This case involved the ancient tort of public nuisance. Such a claim is addressed to behaviour which inflicts damage, injury or inconvenience on all members of a class who come within the sphere or neighbourhood of its operation. As Linden J explained, a person may bring an action in their own name in respect of a public nuisance
when they have suffered some particular, foreseeable and substantial damage over and above what has been sustained by the public at large, or when the interference with the public right involves a violation of some private right of the claimant. A local authority may also institute civil proceedings in public nuisance in its own name pursuant to section 222 Local Government Act 1972: see Nottingham City Council v Zain  1 WLR 607.
The case heading (partial screenshot above) provides a pretty comprehensive list of activities that would come within the category of “public nuisance”. I recall John Spencer’s immortal words from his article in the Cambridge Law Review on the subject in 1989:
Why is making obscene telephone calls like laying manure in the street? Answer: in the same way as importing Irish cattle is like building a thatched house in the borough of Blandford Forum; and as digging up the wall of a church is like helping a homicidal maniac to escape from Broadmoor; and as operating a joint-stock company without a royal charter is like being a common scold; and as keeping a tiger in a pen adjoining the highway is like depositing a mutilated corpse on a doorstep; and as selling unsound meat is like embezzling public funds; and as garaging a lorry in the street is like an inn-keeper refusing to feed a traveller; and as keeping treasure-trove is like subdividing houses which so “become hurtful to the place by overpestering it with poor.” All are, or at some time have been said to be, a common (alias public) nuisance.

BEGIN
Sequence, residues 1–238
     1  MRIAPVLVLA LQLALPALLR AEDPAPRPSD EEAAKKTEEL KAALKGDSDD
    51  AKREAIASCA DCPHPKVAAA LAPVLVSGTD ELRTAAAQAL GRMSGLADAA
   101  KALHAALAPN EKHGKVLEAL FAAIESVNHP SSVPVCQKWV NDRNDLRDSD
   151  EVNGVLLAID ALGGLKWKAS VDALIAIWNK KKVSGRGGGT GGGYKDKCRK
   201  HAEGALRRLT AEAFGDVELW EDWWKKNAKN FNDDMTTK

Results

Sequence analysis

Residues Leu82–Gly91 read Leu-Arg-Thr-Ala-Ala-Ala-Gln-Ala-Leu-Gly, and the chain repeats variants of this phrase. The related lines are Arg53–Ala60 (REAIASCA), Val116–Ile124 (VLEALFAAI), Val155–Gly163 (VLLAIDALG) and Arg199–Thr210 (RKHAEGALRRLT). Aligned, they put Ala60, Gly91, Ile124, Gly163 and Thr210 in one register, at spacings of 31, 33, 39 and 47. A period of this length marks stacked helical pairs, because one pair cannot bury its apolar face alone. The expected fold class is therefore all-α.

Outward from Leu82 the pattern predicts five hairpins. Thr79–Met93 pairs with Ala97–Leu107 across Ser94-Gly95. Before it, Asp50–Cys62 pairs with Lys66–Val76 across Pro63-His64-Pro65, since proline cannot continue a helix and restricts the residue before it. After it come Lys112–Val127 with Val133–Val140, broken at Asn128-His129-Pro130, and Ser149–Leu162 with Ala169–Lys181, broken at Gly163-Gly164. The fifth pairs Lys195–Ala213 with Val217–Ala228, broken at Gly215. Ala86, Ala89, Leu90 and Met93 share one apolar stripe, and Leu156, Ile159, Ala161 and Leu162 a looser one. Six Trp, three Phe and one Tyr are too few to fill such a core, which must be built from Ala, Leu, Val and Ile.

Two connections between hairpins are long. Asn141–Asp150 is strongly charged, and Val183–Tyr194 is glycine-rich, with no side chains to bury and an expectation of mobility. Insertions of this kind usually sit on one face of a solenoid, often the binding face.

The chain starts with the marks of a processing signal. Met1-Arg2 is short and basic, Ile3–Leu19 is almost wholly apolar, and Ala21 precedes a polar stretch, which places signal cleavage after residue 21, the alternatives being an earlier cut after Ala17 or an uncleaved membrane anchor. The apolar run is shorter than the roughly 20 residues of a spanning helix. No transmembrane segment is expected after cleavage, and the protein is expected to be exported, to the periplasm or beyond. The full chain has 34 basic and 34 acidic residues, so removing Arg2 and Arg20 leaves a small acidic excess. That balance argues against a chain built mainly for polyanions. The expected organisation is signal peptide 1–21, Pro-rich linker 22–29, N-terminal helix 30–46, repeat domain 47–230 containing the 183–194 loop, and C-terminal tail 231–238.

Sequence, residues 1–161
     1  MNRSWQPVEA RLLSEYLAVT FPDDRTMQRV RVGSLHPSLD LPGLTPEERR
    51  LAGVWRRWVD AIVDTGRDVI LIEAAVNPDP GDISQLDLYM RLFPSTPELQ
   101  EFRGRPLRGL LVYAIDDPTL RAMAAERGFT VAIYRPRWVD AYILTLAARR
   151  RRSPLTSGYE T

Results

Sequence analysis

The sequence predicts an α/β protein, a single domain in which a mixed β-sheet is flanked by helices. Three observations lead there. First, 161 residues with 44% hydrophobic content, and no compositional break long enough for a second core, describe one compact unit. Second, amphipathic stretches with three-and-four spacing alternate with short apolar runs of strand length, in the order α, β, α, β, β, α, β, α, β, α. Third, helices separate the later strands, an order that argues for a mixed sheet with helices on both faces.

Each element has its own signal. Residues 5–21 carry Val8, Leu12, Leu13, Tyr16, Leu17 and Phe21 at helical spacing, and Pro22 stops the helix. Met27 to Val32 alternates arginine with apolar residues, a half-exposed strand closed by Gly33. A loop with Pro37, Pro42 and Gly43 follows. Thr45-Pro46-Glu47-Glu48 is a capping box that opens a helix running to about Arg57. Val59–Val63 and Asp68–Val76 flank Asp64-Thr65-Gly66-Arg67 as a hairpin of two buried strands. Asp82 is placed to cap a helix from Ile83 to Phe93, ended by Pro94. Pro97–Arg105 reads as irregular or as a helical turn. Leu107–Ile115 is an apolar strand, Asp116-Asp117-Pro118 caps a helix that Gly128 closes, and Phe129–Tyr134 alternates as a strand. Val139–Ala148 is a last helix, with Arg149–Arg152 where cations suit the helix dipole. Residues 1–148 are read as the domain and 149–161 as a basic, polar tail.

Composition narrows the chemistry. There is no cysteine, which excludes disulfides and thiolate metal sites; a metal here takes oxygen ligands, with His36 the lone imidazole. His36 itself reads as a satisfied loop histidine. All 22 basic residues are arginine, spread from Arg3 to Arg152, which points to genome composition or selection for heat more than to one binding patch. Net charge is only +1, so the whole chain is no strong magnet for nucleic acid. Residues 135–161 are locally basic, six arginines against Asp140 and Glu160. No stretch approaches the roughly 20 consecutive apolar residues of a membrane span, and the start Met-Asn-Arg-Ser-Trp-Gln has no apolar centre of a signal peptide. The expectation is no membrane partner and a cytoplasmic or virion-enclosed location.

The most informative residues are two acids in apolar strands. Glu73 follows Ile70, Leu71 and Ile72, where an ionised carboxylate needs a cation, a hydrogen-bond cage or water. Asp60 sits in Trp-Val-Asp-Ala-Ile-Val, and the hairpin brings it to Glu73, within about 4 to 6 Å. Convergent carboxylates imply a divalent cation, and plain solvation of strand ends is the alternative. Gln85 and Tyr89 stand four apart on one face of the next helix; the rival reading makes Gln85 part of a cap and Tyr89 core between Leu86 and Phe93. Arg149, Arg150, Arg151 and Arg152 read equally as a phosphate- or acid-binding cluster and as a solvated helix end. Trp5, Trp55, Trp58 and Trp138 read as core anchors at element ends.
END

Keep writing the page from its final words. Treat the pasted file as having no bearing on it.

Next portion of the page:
So as you can see, this tort encompasses quite a range of human enterprises.
After something of an hiatus occasioned by the Covid-19 pandemic, we are delighted to welcome Catherine Barnard back onto our podcast with her clear and informative account of the legal steps towards Brexit.
In the latest episode of her podcast 2903cb, Professor Barnard talks to journalist Boni Sones about the latest in the trade talks. What is happening with the timetables and deals to get the UK out of the EU by the end of this year? Tune in to Episode 120 of Law Pod UK to find out.
The campaign group Dignity in Dying has recently brought out a new book called Last Rights: The Case for Assisted Dying, by Sarah Wotton and Lloyd Riley, Director and Policy manager of the campaign group Dignity in Death. The book is designed to restart the discussion on how we provide dying people with greater choice at the end of life.
Even with the best palliative care, some people still suffer terribly at the end of life, as Sarah and Lloyd explain in this discussion. Episode 119 of Law Pod UK highlights the way in which the pandemic has brought death and dying to the centre of pubic discourse and how the time has come again to press for an inquiry on the blanket ban on assisted dying.
This was an appeal by the secretary of state against a decision of the President of the Family Division concerning the exercise of the family court’s jurisdiction to make a female genital mutilation protection order (FGMPO) under the Female Genital Mutilation Act 2003 Sch.2 Pt 1 para.1. The child concerned (“A”), was under imminent threat of deportation to Bahrain or potentially Sudan. The original FGM protection order in relation to A was made by Newton J in December 2019. He said that
It is difficult to think of a clear or more serious case where the risk to A of FGM is so high.